ICD Chapter 5 notes
ICD Chapter 5 notes SLPA 15000-01
Popular in Intro to Communication Disorders
Popular in Linguistics and Speech Pathology
This 9 page Study Guide was uploaded by Maggie Iveson on Friday March 4, 2016. The Study Guide belongs to SLPA 15000-01 at Ithaca College taught by Marie Sanford in Spring 2016. Since its upload, it has received 24 views. For similar materials see Intro to Communication Disorders in Linguistics and Speech Pathology at Ithaca College.
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Date Created: 03/04/16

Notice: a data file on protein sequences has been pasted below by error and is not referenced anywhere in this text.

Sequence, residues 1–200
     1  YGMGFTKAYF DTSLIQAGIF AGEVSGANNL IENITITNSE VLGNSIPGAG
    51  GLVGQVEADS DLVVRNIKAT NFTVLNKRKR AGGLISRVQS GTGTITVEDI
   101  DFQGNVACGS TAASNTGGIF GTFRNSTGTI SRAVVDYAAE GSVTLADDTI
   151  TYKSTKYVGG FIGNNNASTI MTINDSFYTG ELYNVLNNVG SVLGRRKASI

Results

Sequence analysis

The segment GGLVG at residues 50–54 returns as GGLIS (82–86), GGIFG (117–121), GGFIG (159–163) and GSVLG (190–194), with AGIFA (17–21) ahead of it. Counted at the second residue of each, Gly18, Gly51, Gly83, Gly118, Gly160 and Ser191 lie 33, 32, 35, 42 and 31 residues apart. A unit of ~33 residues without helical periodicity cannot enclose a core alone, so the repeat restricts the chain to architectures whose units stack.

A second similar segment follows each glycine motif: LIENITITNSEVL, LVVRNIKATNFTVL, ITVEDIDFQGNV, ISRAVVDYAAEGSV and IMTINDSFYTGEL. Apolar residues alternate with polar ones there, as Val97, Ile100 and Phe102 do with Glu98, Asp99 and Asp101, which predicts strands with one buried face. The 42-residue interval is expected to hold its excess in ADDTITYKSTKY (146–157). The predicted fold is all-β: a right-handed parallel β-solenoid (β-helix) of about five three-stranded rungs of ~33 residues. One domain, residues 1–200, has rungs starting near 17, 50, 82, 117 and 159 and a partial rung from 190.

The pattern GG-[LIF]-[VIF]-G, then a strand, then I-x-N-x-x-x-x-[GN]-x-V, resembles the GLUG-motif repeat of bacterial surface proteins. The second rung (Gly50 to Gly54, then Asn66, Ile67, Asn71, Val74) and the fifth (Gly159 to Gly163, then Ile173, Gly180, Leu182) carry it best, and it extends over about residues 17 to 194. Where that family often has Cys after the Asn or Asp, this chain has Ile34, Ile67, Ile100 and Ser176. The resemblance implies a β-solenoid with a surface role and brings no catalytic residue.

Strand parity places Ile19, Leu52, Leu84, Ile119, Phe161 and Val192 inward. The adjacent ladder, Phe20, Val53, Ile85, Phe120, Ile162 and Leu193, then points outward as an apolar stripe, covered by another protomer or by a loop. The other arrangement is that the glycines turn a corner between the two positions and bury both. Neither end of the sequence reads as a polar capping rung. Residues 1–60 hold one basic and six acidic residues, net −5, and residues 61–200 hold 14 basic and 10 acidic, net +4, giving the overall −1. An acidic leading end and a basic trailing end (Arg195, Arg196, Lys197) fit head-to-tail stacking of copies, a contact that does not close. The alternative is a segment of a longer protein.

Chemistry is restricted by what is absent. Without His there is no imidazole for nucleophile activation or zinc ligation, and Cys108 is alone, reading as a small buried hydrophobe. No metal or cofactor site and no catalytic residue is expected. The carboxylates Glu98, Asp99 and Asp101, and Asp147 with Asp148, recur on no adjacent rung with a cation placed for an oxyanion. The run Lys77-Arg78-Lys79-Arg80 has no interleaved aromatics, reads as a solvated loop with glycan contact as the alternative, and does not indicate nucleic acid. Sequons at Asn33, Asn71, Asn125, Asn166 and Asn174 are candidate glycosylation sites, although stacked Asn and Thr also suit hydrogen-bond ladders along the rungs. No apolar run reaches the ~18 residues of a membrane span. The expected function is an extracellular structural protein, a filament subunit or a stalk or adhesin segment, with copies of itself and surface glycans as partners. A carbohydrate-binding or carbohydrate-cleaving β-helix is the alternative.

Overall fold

Unit 5: Adult Language Impairments Language development through lifespan All these areas are considered completely developed in the adult brain by ages 21-25. However, areas can be affected. Use o Social, pragmatic use of language Content o Vocab receptive even higher Form o Typically, all rules complete Disorders Aphasia o Accompanying deficits o Types of aphasia o Lifespan issues Right hemisphere injury o Characteristics Traumatic brain injury o Characteristics o Lifespan issues Dementia o Characteristics Major Lobes of the Human Brain Frontal (red) Parietal (yellow) Temporal (blue) Occipital (green) Aphasia Many severities and varieties of Aphasia exist o Auditory comprehension and word retrieval common in all o Memory may be affected in all Aphasia is NOT the result of a motor speech impairment, dementia, or the deterioration of intelligence Language deficits o Expressive o Comprehension Several related areas affected along with language Accompanying Deficits of Aphasia Hemiparesis and Hemiplasia o Half the body is weakened Dysphagia o Swallowing disorder o Unable to swallow correctly, begin to choke Agnosia o Difficulty understanding sensory information o Smell, taste, touch, hearing, and seeing Agrammatism o Absence of ability to use correct grammar Agraphia o Loss of ability to write Alexia o Loss of ability to read Anomia o Reduction in ability to name Jargon o Typically, intonation pattern, loses meaning and sounds like its intact o Occurs in certain types on Aphasia Neologism o Client creates new words Paraphasia o Words and sounds that have substitutions o Ex: car is truck Verbal stereotype o Very common 2 o Repeated phrases, common phrases o Ex: Happy Birthday, swear words, how are you, Merry Christmas Types of Aphasia Wernicke’s o Fluent production o Comprehension is impaired o Characteristics Paraphasias Jargon o Reading impaired o Naming impaired o Repetition impaired Anomic o Fluent production o Comprehension is moderately impaired o Characteristics Misnaming/ good syntax Good articulation o Reading is un-impaired o Naming is un-impaired o Repetition is un-impaired Conduction o Fluent production o Moderately comprehension o Characteristics Paraphasia’s Good syntax Good articulation o Reading un-impaired o Naming impaired o Repetition significantly impaired Braca’s o Non-fluent production o Unimpaired comprehension o Characteristics 3 Agrammatic, slow, labored speech with articulation errors o Reading impaired o Naming impaired o Repetition un-impaired Global o Non- fluent production o Poor, limited comprehension o Characteristics Very few words Stereotypic responses often intact o Reading significantly impaired o Naming significantly impaired o Repetition significantly impaired Fluent Types of Aphasia’s Characterized by word substitutions, neologisms and often verbose verbal output Lesions found in the posterior portion of the Left Hemisphere Wernicke’s Aphasia o Fluent, well articulated o Poor comprehension o Neologisms o Jargon o Impairments in naming/repetition o Intonational patterns and sound-combination patterns maintained Anomic Aphasia o Severe anomia in both speech and writing o Fluent spontaneous speech marred by word retrieval problem o Mild to moderate auditory comprehension difficulties o Memory difficulties evident Conduction Aphasia 4 o Anomia o Mild impairment of auditory comprehension o Extremely poor repetition skills of speech o Paraphasia pronounced Non-Fluent types of Aphasia’s Characterized by slow, labored speech, and struggle to retrieve words and form sentences Lesions found in or near the frontal lobe Broca’s Aphasia o Short sentences with agrammatism o Anomia o Problems repeating speech o Slow, labored speech and writing o Articulation and phonological errors o Auditory comprehension often unimpaired Global Aphasia o Profound language impairment in all modalities o Considered the most severe form of aphasia o Limited spontaneous expressive ability (Happy Birthday, oh boy, swear words) o Repeating speech is very limited o Anomia severe o Auditory and visual comprehension limited to single words or simple phrases Causes of Aphasia Onset of aphasia is rapid Most cordon cause is a stroke o 3 leading cause of death in US o strokes affect over ½ million Americans annually o 70% of these cases are over 65 years of age o Approximately 80,000 of these people become aphasic Ischemic Stroke o Compete or partial blockage of the arteries o Cerebral arteriosclerosis 5 Thickening of cerebral artery walls Artery walls loose elasticity Arterial walls become weak Blood flow is now restricted Not enough 02 provided to the brain cells so they begin to die off. o Embolism Starts with an obstruction Starts elsewhere, breaks off Travels through arteries Reaches smaller artery and is blocked Not enough O2 can be delivered, brain cells begin to die off o Thrombosis Plaque builds up along the arterial walls and walls thicken A blood clot form because there is not enough room for blood flow Clot is formed at the site, does not travel Not enough O2, brain cells die off Hemorrhagic stroke o Weakened arterial wall burst under pressure o Aneurysm Sac is building up in a weakened artery wall Wall ruptures Blood flows into space and causes cell death Right Hemisphere Injury (RHI) Refers to a group of deficits that result from damage to the right hemisphere of the brain (non-dominant hemisphere for language) Deficits may involve o Neuromuscular o Perceptual o Linguistic o Behaviors 6 o Personality Approximately half of the individuals who suffer a stroke have RHI Communication disorders are not language based but cognitive deficits result in communicative problems. Characteristics o Neglect of all information from the left side o Unrealistic denial of illness and/or limb involvement o Impaired judgment and self-monitoring o Lack of motivation o Attentional: the clients lack of response to information coming from the left side of the body o Visuospatial: poor visual discrimination, scanning, and tracking o Communication: Receptive and expressive Pragmatic Poor auditory and visual comprehension Failure to suppress irrelevant and inappropriate information Concrete interpretations Poor judgment Traumatic Brain Injury Adolescents and young adults most at risk for TBI Annually approximately 260,000 individuals in US sustain TBI, of these, most die 80-90,000 have significant impairment requiring further care 70% of these are male Unlike stroke, diffused injury to the brain o Edema (can lead to increased pressure, infection) Swelling of area o Hyproxia Not enough oxygen o Infarction 7 Death of cells o Hematoma Bleeding in one spot, does not spread Very common Characteristics o Most devastating aspect is the reduced ability to resume interests and daily living tasks to the level that existed prior to the accident o Cognitive: disoriented, poor memory, inattention, reasoning, and problem solving, and executive functions (planning and self-monitoring) o Language: (75% affected) anomia, confused language, and impaired comprehension common. Also deficits may include speech, voice and swallowing disorders, dysarthria in one out of three causes o Emotion/Personality: aggression/withdrawal, apathy, depression, disinhibition and impulsivity, phobias, anxiety, socially inappropriate behavior and language Lifespan Issues o Typical recovery pattern in slow: Confusion and agitation Language continues to return Abilities increase, but tolerance for frustration is low Individuals face a long period of rehabilitation, face periodic difficulties with the emotional side of recovery Even those with a near-full recovery will have some lingering deficits Dementia Dementia is an umbrella term characterizing deficits in intellect due to neurogenic causes Memory is the most obvious function impaired 8 Two types: o Cortical (Alzheimer’s and Pick’s Disease) Account for over 50% of dementia cases AD more common in women; cause unknown; prevalence increasing Resemble aphasia’s and RHI Include: visuospatial deficits, memory problems, judgment and abstract thinking, comprehension, reading, writing and naming difficulties o Subcoritcal: A slow, progressive deterioration of cognitive functioning, with deficits in memory, problem- solving, language, and neuromuscular control 9